effrontery

[ih-fruhn-tuh-ree]
noun, plural effronteries.
1.
shameless or impudent boldness; barefaced audacity: She had the effrontery to ask for two free samples.
2.
an act or instance of this.

Origin:
1705–15; < French effronterie, equivalent to Old French esfront shameless (es- ex-1 + front brow; see front) + -erie -ery


1. impertinence, impudence, cheek.
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World English Dictionary
effrontery (ɪˈfrʌntərɪ)
 
n , pl -ies
shameless or insolent boldness; impudent presumption; audacity; temerity
 
[C18: from French effronterie, from Old French esfront barefaced, shameless, from Late Latin effrons, literally: putting forth one's forehead; see front]

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Etymonline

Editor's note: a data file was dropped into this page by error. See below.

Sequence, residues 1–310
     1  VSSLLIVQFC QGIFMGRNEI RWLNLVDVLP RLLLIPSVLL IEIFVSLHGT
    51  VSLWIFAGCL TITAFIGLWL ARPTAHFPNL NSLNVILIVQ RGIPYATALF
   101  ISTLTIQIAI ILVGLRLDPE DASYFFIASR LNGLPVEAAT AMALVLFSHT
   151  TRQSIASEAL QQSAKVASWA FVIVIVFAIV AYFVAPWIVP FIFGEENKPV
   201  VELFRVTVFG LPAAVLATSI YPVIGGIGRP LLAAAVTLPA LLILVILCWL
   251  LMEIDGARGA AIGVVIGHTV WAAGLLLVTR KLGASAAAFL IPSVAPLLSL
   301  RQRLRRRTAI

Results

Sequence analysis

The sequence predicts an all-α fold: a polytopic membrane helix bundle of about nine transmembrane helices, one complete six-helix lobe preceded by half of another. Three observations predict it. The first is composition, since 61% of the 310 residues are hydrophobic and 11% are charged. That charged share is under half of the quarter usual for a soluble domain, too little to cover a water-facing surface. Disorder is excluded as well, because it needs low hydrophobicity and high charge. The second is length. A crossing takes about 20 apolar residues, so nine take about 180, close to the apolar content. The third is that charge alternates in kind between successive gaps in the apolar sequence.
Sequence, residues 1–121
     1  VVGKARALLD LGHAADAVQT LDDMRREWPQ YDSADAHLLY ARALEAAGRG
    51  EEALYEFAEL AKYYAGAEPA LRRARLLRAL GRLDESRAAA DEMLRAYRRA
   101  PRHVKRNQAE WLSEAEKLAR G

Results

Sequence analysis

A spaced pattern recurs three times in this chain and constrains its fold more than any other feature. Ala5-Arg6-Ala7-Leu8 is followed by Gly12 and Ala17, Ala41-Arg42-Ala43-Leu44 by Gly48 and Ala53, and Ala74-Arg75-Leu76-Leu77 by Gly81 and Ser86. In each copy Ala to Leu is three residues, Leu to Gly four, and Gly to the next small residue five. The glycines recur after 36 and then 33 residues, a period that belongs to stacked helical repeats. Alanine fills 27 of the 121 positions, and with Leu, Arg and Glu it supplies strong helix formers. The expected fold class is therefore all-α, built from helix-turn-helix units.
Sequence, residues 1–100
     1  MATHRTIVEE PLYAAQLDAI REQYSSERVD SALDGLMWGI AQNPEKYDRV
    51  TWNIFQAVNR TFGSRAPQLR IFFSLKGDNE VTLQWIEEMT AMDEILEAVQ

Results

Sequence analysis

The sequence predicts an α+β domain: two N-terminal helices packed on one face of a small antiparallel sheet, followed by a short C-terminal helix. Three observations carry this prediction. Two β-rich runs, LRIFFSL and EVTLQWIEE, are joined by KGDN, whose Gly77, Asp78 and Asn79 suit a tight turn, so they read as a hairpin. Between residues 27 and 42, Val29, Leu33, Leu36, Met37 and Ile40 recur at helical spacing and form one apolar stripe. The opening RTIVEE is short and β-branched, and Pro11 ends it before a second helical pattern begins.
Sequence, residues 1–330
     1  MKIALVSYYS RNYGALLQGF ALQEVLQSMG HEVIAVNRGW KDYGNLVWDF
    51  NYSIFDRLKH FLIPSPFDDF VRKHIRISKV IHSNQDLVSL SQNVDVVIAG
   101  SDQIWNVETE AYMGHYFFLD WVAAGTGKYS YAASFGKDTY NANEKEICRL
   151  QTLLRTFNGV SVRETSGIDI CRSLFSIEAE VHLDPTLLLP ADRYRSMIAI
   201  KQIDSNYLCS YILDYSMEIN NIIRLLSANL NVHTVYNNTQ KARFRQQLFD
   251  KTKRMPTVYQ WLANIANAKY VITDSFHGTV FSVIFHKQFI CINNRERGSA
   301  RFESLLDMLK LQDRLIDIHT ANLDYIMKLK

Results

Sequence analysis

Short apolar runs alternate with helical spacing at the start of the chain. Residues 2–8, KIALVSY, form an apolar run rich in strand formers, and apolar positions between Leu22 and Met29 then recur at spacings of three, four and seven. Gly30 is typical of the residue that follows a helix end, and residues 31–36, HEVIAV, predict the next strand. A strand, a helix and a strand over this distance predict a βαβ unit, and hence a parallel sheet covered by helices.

Word Origin & History

effrontery
1715, from Fr. effronterie, from effronte "shameless," from O.Fr. esfronte, probably from L.L. effrontem (nom. effrons) "barefaced," from L. ex- "out" + frontem (nom. frons) "brow" (see front). L. frontus had a sense of "ability to blush," but the lit. sense of effrontery
has usually been taken to be "putting forth the forehead."
Online Etymology Dictionary, © 2010 Douglas Harper
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Example sentences
The naive effrontery of this book is more pitiful than ridiculous.
The sheer effrontery of the thing took my breath away.
He has the sheer effrontery of a movie star.
This effrontery has become part of his prissy jerky-boy routine.
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